Industrial B2B companies have a tendency to not embrace marketing. And if they do, marketing usually means print ads in trade journals or direct mail campaigns – neither of which tend to generate much of a measurable return on investment.
To these industrial companies, marketing is an overhead expense, plain and simple. Write a catchy headline, add a few paragraphs about superior service and a wide selection of products, write the check and call it a day.
But here’s the problem. Industrial marketing is (or at least needs to be) very, very different than the consumer marketing we experience around us every day on tv, on billboards, online and in our mailboxes. After all, we’re not selling cheeseburgers here. We’re selling highly technical, typically very expensive niche products and services for very targeted audiences. The bottom-line, getting more qualified leads that convert into customers, is the name of the game with industrial marketing.
Industrial marketing vs. consumer marketing: 5 key differences
Let’s take a look at five reasons industrial marketing needs to be approached differently than consumer marketing.
1. The industrial buyer is looking for something (very) specific
Your buyer might be looking for steel pipe. But more likely, he’s looking for carbon steel pipe. And even more likely, he’s looking for A-106 carbon steel pipe. The point? Mass marketing doesn’t work when each buyer has such specific (and technical) needs and requirements. A successful industrial marketing strategy requires a much more targeted, niche-specific approach.
2. Research (lots and lots of research) precede the purchase
Long sales cycles often accompany big industrial B2B purchases. Lots of money is involved. Often lots of people are involved. And sometimes lots of office politics are involved. As a result, this kind of big purchasing decision is typically accompanied by a significant amount of research by the buyer.
You might argue that many consumer purchases also involve a good deal of research. A new home. Expensive furniture. A car. A computer. But rarely do even these biggest of consumer purchases take the good majority of a year (or multiple years). That leads into the next point…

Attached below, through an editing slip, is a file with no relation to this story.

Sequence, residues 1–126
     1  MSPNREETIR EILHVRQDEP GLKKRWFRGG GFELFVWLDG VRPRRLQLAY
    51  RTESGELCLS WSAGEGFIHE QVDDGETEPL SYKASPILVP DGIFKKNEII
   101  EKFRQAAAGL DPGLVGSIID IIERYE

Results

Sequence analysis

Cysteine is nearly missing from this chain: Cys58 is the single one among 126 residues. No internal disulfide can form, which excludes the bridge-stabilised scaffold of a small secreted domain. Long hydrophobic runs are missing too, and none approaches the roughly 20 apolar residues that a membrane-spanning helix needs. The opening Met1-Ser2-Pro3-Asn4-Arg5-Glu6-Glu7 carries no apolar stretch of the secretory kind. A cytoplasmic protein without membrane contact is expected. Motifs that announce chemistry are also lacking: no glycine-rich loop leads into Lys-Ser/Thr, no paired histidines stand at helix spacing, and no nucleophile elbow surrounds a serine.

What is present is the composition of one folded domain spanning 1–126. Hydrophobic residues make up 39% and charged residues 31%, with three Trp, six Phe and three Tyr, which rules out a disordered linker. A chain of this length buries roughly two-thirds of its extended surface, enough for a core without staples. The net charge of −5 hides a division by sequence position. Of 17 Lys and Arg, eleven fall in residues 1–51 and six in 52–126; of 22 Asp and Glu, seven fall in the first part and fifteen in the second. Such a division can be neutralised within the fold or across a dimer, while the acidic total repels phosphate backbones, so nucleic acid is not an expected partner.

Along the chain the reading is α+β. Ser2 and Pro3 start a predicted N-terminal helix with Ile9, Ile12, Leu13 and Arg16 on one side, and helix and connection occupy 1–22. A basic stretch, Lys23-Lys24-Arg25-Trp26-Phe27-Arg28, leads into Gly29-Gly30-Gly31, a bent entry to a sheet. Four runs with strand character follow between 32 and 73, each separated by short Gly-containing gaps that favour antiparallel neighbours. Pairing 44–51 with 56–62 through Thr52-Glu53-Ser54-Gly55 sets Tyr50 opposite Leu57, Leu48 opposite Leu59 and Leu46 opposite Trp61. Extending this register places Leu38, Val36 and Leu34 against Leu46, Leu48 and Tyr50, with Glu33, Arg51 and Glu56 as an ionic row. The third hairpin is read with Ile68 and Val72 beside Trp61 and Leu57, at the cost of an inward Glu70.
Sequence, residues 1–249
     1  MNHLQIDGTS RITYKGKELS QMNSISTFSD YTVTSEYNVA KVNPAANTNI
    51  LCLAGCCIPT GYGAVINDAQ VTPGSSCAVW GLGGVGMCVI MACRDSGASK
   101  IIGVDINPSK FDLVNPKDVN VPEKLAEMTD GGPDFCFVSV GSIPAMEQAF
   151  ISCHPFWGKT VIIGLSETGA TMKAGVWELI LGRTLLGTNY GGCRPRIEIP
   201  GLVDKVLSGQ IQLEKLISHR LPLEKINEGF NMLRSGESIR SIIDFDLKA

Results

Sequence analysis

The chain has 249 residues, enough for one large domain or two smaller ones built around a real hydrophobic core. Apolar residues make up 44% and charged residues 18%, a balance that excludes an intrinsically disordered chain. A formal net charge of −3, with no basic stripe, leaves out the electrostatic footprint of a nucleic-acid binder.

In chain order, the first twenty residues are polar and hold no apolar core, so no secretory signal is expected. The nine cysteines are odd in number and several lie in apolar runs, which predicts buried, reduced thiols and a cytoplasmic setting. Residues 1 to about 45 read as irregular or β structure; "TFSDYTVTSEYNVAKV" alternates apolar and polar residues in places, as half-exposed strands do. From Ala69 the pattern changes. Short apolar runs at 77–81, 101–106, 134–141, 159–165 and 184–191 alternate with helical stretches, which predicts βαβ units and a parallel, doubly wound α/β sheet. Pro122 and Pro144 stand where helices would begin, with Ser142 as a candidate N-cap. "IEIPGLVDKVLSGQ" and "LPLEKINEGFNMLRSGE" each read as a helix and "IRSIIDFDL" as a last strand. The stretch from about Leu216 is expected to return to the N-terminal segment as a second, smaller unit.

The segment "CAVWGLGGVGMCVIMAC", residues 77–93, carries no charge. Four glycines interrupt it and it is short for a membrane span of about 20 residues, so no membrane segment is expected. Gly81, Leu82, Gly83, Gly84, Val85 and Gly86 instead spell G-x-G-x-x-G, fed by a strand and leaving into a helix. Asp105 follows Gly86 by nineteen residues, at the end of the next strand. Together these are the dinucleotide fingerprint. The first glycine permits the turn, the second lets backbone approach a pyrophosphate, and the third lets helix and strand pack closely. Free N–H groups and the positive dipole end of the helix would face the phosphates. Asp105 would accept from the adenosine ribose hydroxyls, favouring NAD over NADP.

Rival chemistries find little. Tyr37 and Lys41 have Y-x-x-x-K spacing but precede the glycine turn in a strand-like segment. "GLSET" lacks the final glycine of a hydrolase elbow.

3. Purchases mean partnerships
When the sales cycle does take months, or a year or more, staying top of mind, earning trust and qualifying your business are all critical steps in the buying process. Successfully catering to these steps is what we call “lead nurturing”. The industrial buyer needs to feel confident in you and know that he is being taken care of.
Often a B2B purchase means that a relationship is about to form. Your buyer may have to work closely with you for months or even years to come. He doesn’t want to start over again next year. He wants to make the right decision, right now. So the relationship matters.
4. The researcher often isn’t the decision maker
The person who discovers you is not always the person writing the check. Maybe a car salesman needs to convince both you and your spouse that this minivan with the built-in tv and vacuum is exactly what you need to effectively transport your kids to soccer practice. But the industrial marketer needs to equip an engineer or procurement staff member with the knowledge to sell a product or service up the chain to his or her boss, and his or her boss’ boss. That’s no easy task.
5. Contact information is the currency of an industrial marketing transaction
Industrial sales and industrial marketing are closely tied together. But they are NOT the same thing. Here’s how I’d describe the difference in one short paragraph:
The job of marketing is to generate awareness among a niche audience, educate them, qualify your business in front of them, keep them engaged and convert them from anonymous prospects into hard, qualified leads with names, phone numbers and email addresses. The job of sales is to turn those leads into paying customers.
The currency of an industrial sales transaction is of course the dollar. But the currency of an industrial marketing transaction is contact information. The perception of an equal trade occurs when your website visitor fills out a form – whether to download a white paper or case study, or to request a quote or consultation. This person is giving you his or her contact information in exchange for some piece of information that he or she perceives to have equal or greater value.
And by doing so, this person is moving from “anonymous website visitor” to “potential sales target”.
Each of these transactions fits into a different stage in the industrial buying process. And this is just one reason why it’s so important for marketing and sales to work hand in hand.
So where do you get started with industrial marketing?
Try our Tactical Guide to Industrial Lead Generation. This guide takes the industrial marketing concepts above and shows you how to put them into practice. And if you’d be interested in a consultation with a B2B marketing consultant that specializes in industrial marketing, click here. We’d love to talk.